Rockets are flying cargo into space more often these days than ever before, made possible in part by cost-effective reusable rockets such as SpaceX’s Falcon 9 platform. But cost and frequency aside, rockets take advantage of chemical burns to reach outer space, so has anyone ever stopped to think about what this does to the environment here on Earth?
SpaceX’s Falcon Heavy is the most massive operational rocket in existence today, and it uses a rocket fuel comprised of liquid oxygen and RP-1 (a refined type of kerosene). While SpaceX doesn’t publicize the exact specs of its fuels, a quick math calculation can determine that a single Falcon Heavy rocket emits around 1,352 tonnes of carbon dioxide per launch. Seems like a lot, right? But perhaps not…
Comparatively, a typical consumer car dumps approximately 4.6 tonnes of carbon dioxide into the environment annually. Based on this connection, we can infer that a single Falcon Heavy emits as much carbon dioxide as around 294 cars on the road per year – not that bad considering that we launch fewer than 100 rockets each year, most of which aren’t of the Falcon Heavy variety.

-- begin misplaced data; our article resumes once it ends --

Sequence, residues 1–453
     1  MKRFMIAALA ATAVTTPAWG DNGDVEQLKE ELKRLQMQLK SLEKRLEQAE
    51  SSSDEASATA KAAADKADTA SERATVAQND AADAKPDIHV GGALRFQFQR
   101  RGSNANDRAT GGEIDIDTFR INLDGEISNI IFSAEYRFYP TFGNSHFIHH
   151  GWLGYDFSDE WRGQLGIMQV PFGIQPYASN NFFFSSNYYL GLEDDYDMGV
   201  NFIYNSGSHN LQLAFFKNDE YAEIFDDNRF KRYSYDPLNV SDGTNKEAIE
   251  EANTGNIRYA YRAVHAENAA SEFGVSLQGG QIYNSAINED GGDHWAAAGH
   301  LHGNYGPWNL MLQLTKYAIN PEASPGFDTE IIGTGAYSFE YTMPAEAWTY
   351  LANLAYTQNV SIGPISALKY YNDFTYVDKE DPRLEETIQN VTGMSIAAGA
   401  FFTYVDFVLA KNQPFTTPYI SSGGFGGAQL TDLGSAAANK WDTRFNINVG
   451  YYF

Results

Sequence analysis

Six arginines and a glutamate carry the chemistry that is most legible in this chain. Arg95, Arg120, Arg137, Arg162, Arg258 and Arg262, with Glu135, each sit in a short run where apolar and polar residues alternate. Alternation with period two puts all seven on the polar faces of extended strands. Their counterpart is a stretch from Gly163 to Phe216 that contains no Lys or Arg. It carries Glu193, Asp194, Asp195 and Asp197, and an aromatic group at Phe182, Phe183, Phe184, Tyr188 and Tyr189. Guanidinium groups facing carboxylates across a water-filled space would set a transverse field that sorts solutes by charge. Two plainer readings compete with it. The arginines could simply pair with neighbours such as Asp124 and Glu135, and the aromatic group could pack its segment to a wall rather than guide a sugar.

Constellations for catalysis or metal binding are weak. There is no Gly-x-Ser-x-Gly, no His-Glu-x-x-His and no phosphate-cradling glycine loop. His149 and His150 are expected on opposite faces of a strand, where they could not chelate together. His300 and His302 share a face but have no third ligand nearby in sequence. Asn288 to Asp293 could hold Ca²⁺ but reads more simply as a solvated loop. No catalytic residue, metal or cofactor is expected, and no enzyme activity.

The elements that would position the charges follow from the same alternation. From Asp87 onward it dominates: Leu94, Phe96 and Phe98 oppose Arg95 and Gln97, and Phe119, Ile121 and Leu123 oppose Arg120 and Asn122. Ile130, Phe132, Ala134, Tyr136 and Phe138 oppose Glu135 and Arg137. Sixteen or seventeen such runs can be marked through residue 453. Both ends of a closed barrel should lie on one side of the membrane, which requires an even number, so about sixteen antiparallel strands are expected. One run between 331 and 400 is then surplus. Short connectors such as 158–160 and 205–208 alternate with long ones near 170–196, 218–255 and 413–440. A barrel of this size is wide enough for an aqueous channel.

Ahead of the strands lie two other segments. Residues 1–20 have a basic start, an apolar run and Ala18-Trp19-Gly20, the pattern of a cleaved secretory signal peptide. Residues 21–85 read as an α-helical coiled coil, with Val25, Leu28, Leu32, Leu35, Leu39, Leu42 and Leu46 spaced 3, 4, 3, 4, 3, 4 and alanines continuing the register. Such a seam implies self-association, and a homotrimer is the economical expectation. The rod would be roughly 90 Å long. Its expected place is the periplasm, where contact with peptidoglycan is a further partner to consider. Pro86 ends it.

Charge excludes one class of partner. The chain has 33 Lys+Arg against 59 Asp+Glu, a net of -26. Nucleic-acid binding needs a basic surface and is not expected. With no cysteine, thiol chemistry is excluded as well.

But carbon dioxide isn’t the only concern when it comes to rockets – so too are the black sooty particles that are left behind, as they can damage the ozone layer that protects us from harmful ultraviolet radiation and expose us to more solar radiation.
For the most part, a rocket launch’s impact on the environment is a poorly-studied topic, and additional research on the matter will be valuable as companies look to increase the number of space-centric launches for future science missions and commercial endeavors. For the most part, however, it seems that rockets have less of an impact than the combined number of cars on the road today.